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Honesty and guitars

By Kathleen Charlebois, for tbnewswatch.com

Ash and Bloom is much more than two guys with acoustic guitars.

Matt McKenna, who represents one half of  the Hamilton-based folk-rock duo Ash and Bloom, takes the stage at the Outpost on Aug. 13 with another local performance set for the Hope Christian Reformed Church on Sept. 14.

He and bandmate James Bloemendal arrive in Thunder Bay as part of the Ash and Bloom North American tour promoting their first full-length album, Let the Storm Come, which was released last June.

“It’ll just be the two of us, so it’s a really a true duo situation,” explains McKenna.“We play light, fun songs and we play deeply serious songs as well, so it sort of bounces between light and dark pretty quickly.”

The pair is no stranger to Thunder Bay, having toured with Justin Hines on his Vehicle of Change tour in 2013. The pair  flew in for a house concert last year.

“We love Thunder Bay and we’re really excited to be back,” he says.

Since it’s just McKenna and Bloemendal on the road this time, they’ll be bringing other instruments along.

“James and I will be playing percussion and drum stuff with our feet and there will be some looping and we’ll be getting the audience to sing along,” McKenna says.

“Our show tries to be fun but then there’s moments where we talk about the things people don’t talk about.”

He adds that honesty was the big theme behind the songs on the album.

He and Bloemendal wrote dozens of songs with the album in mind. When the time came to narrow it down to just 12, the two sat down with their producers. A song would go on the shortlist when all four of them liked it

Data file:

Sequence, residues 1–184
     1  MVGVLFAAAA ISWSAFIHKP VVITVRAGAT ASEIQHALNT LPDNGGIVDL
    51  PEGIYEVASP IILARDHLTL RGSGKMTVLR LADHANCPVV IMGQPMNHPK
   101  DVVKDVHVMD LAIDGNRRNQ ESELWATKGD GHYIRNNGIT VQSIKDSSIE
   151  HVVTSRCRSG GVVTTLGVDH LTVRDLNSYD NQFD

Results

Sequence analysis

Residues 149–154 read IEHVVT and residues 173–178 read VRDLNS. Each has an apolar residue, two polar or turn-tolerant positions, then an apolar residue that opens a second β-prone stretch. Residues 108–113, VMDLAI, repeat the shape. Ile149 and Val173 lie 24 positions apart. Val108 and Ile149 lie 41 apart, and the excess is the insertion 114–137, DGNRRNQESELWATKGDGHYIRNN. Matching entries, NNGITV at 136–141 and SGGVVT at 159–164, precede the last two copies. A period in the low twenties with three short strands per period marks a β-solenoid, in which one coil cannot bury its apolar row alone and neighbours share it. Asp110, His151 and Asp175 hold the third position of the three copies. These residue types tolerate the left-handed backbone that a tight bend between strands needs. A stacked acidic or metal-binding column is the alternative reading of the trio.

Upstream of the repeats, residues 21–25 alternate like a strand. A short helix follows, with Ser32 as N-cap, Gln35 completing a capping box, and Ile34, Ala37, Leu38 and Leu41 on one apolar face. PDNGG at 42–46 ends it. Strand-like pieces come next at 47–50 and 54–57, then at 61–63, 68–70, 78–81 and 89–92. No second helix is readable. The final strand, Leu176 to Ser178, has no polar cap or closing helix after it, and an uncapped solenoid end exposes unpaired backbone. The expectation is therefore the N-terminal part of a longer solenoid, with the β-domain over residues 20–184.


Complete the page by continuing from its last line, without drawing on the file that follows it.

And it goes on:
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“The songs that felt like they were a little bit more magical were the ones that sort of said things that people don’t often talk about and that were very honest and very vulnerable and those seemed to strike a nerve with all of us,” McKenna said.

McKenna and Bloemendal then went to record the album in a cottage on a Southwestern Ontario lake along with their producers, some sound engineers and other musicians.

“We went up to this little place, not in the middle of nowhere, but on a lake,” McKenna says. “It was winter, there was nobody around and we just sort of hung out and made music for a whole week. We knew which songs we were going to do; we knew the way that we were going to play them.”

The isolation helped their musical creativity and got them out of the studio mindset.

“If creativity strikes you at two in the morning or just after lunch, no matter what time it is you can try stuff. You have the space to play.”

The result was ‘Let the Storm Come”, a mix of songs from their self-titled debut EP and brand new ones. McKenna says the titular song on the album speaks to his and Bloemendal’s life philosophy.

“(It’s) this idea that you don’t know when trouble’s going to come for you, but it’s always going to come.... so the way we want to live is a way that says ‘We know who we are, we know that we are surrounded by people that we love and no matter what storm comes for us, we know we can get through it, so bring it on.’”

 



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